“The stay-at-home parent should be insured for an amount relative to what it would cost to replace their duties,” advises McGowan. “I know that’s a very cold, logical way of looking at it but it can’t be avoided.”
Consider what existing protection you might already haveIf you own a property, you will likely already have mortgage protection, which means that should you die with an outstanding loan on your home, the mortgage will be cleared and the property passed on to those in line to inherit your estate.
It is typically cheaper than a broader life assurance product and, as such, is one that many people opt for. For example, figures from Irish Life show that a 35-year-old non-smoker could get cover of €300,000 over 30 years for a monthly premium of €26.09, or €14.80 for €200,000.
However, an important point to note is that the product allows little flexibility and actually declines in line with your mortgage. So while you may have no fears of meeting the mortgage in the event of a death of a partner, there will be little left over for other expenses.
You may also find that your employer may offer you a life assurance-type policy – more generally known as death-in-service benefit, in the event of your death. So check your entitlements to this before you take out an additional insurance policy.
Death-in-service is a payment that an employer pays out to the family of someone who dies while they are still working. It is typically up to four times salary, so will go some way towards meeting McGowan’s rule of thumb for the amount of cover you need.
Consider protecting your income as wellDeath is not the only eventuality that may befall you: you might fall sick or suffer an injury that will prevent you from working. If this was to happen, you might find your employer is only willing to pay you for a limited period of time, which could make your family vulnerable to financial hardship.
A way of avoiding this is to consider taking out some form of income protection policy.
When it comes to protecting your income in the event that you can’t go to work, you have two options: 1) specified illness insurance; and 2) income protection.
Specified-illness (or critical or serious illness, as it is also known) can be bought as part of your life cover, which is known as “accelerated specified-illness cover”. Or separately, it pays out in the event that you are diagnosed with a specific illness covered by the policy.
Irish Life, for example, paid out more than €53 million in 2015 to more than 3,000 customers under its plans, with 19 per cent of claims paid out to those who were unable to work due to mental health. The data revealed that the average claimant age was 49 for men and 45 for women, with the average claim at €19,380 per year.
However, it is important to note that while it does offer you peace of mind in the event of a serious illness such as cancer or depression, critical illness insurance does not come cheap.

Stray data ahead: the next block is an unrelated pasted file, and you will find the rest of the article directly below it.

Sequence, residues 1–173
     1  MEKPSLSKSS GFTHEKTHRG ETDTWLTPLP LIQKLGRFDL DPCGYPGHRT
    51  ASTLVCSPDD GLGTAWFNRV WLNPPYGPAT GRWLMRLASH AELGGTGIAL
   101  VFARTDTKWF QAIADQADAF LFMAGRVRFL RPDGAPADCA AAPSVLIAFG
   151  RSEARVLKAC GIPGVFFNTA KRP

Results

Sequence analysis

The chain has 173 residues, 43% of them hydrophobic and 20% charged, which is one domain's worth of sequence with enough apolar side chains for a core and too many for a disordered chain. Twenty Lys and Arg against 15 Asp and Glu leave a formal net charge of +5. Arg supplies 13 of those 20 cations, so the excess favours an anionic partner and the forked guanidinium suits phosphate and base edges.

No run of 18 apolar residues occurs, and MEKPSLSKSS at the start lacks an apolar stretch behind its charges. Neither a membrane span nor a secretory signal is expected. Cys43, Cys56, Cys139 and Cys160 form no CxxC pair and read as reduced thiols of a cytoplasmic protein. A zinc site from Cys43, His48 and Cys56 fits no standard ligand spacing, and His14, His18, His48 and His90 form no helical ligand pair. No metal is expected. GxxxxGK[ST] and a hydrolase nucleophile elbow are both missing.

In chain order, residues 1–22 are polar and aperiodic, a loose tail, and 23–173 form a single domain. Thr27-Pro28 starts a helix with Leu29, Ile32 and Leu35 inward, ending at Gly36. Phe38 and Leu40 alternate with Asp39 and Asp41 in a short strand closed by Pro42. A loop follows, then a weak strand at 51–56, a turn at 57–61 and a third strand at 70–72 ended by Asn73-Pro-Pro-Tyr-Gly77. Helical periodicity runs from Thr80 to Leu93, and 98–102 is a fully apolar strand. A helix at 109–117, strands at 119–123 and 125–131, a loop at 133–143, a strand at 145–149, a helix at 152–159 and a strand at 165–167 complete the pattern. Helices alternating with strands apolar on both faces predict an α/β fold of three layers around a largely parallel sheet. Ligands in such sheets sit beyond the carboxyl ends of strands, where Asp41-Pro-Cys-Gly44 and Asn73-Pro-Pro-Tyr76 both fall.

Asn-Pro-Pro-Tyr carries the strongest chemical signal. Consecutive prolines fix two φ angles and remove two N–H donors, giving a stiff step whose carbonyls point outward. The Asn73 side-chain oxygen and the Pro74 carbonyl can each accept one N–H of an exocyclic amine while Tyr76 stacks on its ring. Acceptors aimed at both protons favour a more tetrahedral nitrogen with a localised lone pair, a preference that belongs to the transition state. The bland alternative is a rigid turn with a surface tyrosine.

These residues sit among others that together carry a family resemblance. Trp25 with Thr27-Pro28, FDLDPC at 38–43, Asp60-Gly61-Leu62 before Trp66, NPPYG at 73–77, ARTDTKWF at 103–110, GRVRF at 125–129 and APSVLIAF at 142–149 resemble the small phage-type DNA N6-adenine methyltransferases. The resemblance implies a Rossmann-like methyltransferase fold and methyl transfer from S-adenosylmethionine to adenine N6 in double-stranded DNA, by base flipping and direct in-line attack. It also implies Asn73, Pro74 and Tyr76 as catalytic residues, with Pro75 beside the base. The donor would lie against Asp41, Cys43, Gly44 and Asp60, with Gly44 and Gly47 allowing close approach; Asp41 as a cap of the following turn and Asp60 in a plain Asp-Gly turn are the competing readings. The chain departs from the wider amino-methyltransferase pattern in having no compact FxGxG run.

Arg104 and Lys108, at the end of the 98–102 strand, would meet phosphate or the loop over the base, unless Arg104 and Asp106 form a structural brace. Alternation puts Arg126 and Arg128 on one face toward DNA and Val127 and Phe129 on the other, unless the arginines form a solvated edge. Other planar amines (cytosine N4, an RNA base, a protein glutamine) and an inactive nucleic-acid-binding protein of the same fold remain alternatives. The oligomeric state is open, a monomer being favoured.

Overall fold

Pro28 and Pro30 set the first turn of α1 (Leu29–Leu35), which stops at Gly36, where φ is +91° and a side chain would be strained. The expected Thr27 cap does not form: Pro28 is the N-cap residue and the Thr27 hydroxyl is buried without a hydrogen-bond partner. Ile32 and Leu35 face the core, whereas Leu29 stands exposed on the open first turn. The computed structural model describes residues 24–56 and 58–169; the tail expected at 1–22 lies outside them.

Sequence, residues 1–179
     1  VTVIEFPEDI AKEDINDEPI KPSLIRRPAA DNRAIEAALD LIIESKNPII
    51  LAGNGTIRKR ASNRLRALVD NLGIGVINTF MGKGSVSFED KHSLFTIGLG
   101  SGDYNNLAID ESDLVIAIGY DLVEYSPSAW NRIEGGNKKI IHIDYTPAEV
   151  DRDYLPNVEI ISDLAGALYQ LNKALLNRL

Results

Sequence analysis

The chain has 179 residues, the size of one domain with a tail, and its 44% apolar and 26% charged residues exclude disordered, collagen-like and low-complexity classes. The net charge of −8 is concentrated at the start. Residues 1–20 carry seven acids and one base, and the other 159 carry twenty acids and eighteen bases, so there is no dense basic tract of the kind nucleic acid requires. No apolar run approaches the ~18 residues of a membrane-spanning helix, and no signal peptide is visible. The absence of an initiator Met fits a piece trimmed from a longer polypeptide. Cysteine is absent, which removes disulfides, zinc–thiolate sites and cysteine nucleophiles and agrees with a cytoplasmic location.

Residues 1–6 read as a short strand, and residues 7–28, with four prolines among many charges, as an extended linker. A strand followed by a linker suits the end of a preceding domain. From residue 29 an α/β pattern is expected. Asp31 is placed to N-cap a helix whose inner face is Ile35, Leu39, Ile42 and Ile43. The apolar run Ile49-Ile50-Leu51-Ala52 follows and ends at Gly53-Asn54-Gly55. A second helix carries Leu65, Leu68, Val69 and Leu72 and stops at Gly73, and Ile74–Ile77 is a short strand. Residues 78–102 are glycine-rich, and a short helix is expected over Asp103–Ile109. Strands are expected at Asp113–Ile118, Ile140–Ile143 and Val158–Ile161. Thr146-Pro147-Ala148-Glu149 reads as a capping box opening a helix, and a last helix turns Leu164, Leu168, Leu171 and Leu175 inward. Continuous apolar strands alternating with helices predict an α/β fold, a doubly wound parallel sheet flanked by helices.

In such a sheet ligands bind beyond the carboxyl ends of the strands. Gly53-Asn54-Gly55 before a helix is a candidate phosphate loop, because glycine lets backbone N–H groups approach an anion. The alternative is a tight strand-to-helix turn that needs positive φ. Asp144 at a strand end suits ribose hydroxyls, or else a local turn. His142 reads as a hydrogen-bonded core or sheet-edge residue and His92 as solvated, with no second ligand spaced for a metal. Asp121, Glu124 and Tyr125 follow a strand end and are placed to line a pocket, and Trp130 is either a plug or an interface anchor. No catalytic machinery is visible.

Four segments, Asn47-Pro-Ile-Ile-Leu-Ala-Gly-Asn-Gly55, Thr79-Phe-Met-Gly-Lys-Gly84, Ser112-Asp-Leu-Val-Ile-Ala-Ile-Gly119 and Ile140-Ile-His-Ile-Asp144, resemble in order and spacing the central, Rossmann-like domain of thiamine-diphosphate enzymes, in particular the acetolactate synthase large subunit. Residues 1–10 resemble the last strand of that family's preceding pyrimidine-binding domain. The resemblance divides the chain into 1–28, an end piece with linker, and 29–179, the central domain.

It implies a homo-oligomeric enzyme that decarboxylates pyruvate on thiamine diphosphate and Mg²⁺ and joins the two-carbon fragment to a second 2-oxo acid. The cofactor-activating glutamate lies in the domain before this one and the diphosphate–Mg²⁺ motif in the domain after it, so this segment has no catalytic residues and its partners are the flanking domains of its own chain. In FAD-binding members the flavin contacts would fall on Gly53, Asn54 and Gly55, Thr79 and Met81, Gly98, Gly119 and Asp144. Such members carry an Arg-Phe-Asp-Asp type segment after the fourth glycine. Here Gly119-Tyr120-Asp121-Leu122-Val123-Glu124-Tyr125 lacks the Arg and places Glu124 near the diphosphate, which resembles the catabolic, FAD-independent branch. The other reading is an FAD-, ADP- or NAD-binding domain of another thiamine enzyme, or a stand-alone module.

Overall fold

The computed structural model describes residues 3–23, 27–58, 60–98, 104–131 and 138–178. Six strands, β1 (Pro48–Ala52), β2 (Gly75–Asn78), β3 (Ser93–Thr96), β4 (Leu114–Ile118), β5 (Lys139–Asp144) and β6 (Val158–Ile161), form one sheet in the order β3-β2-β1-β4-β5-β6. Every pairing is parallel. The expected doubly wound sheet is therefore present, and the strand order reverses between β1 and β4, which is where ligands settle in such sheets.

The main reason is that you are four times more likely to contract a serious illness before the age of 65 than you are to die. Naturally, insurers bear this mind when working out premiums.
Another problem is that policies vary from provider to provider, and while some may cover particular illnesses, others won’t. Aviva for example, covers 47 specified illnesses and 19 partial payment illnesses, but you can expect restrictions on some of them.
In addition, most such policies come with several caveats, which can affect the likelihood that they will pay out for you. While the insurer may offer cover for a wide variety of illnesses, the severity of the case may be a key determinant in whether or not your claim will succeed.
The other option is to go for income protection. These policies are less tied to a specific illness and hence tend to have looser requirements when it comes to paying out. Moreover, they pay a fixed income as long as the policyholder is prevented from working, which means that your total benefit may exceed the lump sum you would have received from a critical illness policy.
In addition, you will find your monthly payment burden eased somewhat as it comes with the added benefit of tax relief, up to your marginal rate.
Shop around for the best dealsSubtracting what you already have (step 4) from what you need (step 3) should give you an idea of whatever shortfall you are facing. Armed with the information about the term you need (step 2), you will find yourself in a better position to get the best value product that suits your needs.
Consider also whether or not you want a lump-sum or the payment to be made via a monthly income.
“Some people are uncomfortable with the idea of receiving a large sum of money that they need to invest to generate an income for the rest of their life,” says McGowan. “Monthly income life insurance suits them because it guarantees them a fixed monthly income to replace the income of the deceased.”
Zurich Life, for example, offers the option of a guaranteed monthly income from the time you die until the end of the policy term. This means that if you get a policy for 20 years, but die in the 10th year, your dependants would receive a monthly income for the remaining 10 years of the plan.